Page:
All 23 pairs of the autosomes have an extra chromosome, with the result being 69 chromosomes.


A third chromosome is attached to one of the 23 pairs of normal autosomes in trisomy.  If a third chromosome attaches to the 18 chromosome pair, this becomes Trisomy 18.


Trisomy 18 (Edward’s Syndrome, T18)

Edward’s Syndrome was first described in 1960, where infants with an extra 18 chromosome were noted to have a pattern of defects primarily consisting of;  clenched hands with camptodactyly, short sternum, abnormal fingerprints, single umbilical artery (SUA),  intra-uterine growth retardation (IUGR) and ventricular septal defect (VSD).  Over 130 different abnormalities have been reported in association with T18.  Survival prospects are limited, as only 10% remain alive after a year, with severe mental retardation and poor quality of life.  The incidence of T18 is variously quoted as being 1/7000, 1/5000,  0.3/1000 (1/3333) or  1/6600.  These figures are quite skewed as they do not necessarily include the very great fetal losses due to miscarriage or stillbirths.  Pregnancy loss rates are quoted as 70%.  Several large series of amniocenteses have found T18 to be the most prevalent in-utero chromosomal abnormality. 


According to the Perinatal Data Collection Unit of the Consultative Council on Obstetric and Paediatric Mortality and Morbidity in Victoria, chromosomal abnormalities form a significant part of the congenital malformations and birth defects notified in Victoria.  In 1991, there were 260 chromosomal malformations reported, out of a total of 2462 malformation, a rate of 10.5%.  These figures include those induced after diagnosis, still births, neonatal deaths, infant and childhood deaths and those still alive.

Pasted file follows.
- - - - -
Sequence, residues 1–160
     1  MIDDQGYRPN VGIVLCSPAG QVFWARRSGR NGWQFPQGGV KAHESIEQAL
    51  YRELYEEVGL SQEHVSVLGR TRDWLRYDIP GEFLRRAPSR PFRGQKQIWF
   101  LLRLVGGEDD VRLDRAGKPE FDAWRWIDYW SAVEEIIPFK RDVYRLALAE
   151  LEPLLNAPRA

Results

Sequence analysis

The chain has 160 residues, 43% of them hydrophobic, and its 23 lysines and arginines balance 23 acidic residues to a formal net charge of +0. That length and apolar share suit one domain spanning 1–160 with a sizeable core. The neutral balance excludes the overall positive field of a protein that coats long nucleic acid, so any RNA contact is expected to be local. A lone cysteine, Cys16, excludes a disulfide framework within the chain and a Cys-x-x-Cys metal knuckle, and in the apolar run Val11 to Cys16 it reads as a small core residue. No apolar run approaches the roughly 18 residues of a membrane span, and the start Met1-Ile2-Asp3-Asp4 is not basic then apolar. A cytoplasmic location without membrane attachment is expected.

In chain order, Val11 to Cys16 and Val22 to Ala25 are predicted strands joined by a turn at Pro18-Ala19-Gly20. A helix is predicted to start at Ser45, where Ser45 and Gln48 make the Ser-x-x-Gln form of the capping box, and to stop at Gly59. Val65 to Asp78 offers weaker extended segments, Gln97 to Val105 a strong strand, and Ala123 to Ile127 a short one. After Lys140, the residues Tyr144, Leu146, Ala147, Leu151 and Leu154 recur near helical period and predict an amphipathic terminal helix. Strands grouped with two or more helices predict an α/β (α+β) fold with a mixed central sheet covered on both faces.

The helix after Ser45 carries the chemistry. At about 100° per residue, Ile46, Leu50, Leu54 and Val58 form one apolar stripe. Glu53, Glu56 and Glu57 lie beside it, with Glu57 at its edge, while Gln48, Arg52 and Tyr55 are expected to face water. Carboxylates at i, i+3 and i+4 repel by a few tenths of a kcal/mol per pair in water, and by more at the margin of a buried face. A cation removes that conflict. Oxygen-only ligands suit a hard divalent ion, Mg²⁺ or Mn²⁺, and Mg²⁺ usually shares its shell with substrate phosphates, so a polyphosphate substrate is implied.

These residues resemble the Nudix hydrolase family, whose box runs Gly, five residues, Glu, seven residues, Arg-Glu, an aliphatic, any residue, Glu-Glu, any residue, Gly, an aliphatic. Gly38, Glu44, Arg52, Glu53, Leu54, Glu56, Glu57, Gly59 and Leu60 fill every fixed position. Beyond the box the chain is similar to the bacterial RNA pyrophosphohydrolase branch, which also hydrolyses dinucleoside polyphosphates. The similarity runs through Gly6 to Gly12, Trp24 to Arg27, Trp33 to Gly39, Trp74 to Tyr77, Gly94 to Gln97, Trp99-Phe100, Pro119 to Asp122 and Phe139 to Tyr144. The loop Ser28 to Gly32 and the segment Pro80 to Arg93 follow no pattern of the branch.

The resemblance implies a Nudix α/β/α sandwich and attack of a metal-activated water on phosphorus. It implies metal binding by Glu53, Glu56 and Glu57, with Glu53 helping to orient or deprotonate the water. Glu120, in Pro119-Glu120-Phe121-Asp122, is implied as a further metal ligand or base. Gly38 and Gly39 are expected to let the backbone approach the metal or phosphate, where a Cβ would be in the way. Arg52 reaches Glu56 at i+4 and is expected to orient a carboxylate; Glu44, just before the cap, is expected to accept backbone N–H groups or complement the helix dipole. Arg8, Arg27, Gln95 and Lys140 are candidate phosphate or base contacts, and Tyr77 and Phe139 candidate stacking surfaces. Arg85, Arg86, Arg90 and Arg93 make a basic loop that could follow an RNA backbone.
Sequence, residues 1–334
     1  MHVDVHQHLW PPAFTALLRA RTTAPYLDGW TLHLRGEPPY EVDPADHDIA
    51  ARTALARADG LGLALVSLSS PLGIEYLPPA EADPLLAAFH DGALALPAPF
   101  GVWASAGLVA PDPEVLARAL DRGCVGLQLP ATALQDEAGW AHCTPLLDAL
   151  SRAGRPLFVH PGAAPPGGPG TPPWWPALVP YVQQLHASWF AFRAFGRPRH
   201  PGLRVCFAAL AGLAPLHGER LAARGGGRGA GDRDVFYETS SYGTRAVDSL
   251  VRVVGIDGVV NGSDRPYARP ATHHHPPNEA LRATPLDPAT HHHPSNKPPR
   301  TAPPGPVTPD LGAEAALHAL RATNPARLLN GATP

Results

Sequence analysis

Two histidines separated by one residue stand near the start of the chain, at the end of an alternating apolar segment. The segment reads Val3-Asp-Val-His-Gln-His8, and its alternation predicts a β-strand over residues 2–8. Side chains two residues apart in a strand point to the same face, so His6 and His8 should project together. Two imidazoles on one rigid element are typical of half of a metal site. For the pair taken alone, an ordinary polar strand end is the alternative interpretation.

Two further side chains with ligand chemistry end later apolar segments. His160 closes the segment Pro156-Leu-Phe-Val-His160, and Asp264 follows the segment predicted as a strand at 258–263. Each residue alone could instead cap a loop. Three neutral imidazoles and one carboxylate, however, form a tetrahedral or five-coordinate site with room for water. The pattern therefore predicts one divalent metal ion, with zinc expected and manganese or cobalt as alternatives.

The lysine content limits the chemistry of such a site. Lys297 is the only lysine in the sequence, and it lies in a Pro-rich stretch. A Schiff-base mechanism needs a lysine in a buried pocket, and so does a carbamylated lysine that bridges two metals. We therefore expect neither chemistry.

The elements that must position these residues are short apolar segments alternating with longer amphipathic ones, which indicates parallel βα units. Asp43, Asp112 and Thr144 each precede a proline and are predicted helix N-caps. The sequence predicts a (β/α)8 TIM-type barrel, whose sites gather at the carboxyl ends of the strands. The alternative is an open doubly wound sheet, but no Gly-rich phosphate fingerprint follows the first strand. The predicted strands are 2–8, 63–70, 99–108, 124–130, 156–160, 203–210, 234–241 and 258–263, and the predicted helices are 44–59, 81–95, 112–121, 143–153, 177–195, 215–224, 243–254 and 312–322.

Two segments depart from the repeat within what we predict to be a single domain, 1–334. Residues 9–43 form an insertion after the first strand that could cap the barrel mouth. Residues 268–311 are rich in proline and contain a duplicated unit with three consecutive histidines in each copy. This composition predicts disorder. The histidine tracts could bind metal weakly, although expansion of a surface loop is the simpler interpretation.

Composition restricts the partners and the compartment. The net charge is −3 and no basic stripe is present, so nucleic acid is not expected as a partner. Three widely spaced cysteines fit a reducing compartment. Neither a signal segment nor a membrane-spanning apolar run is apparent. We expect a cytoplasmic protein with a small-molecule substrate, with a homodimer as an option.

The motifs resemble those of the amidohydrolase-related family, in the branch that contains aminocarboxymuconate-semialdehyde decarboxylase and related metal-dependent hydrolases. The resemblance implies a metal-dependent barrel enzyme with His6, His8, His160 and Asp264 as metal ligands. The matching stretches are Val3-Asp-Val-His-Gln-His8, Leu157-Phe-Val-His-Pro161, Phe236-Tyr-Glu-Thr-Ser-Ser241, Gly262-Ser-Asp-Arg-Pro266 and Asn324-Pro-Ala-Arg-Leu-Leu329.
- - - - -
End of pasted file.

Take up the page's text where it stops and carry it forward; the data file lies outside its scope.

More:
T18 is the principal genetic malformation associated with CPC, and in 1990 and 1991 there were 23 and 34 cases reported respectively.  Over the two years, this constitutes a rate of 57/131,733 or 1/2311 (0.433%).  The higher incidence of these Victorian figures reflects the reporting of stillbirths and pregnancies terminated after prenatal diagnosis of T18 was made, and therefore more closely represents the incidence of this defect in the fetal population.  +

Trisomy 21 (Down Syndrome, T21)

Down Syndrome was classified in 1866 when it was noted by Down that a “large number of congenital idiots are typical Mongols.”  The following abnormalities constitute this typically; hypotonia with a tendency to keep the mouth open and protrude the tongue, small stature and awkward gait, brachycephaly with flat occiput, low nasal bridge, inner epicanthal folds, hypoplasia of the middle phalanx of the fifth digit, wide gap between first and second toes, ventricular septal defect, thickened posterior neck and a variable degree of mental deficiency.  The incidence of Down syndrome has been quoted as 1/660 newborns, making it, according to Smith, the most common pattern of malformations seen in humans.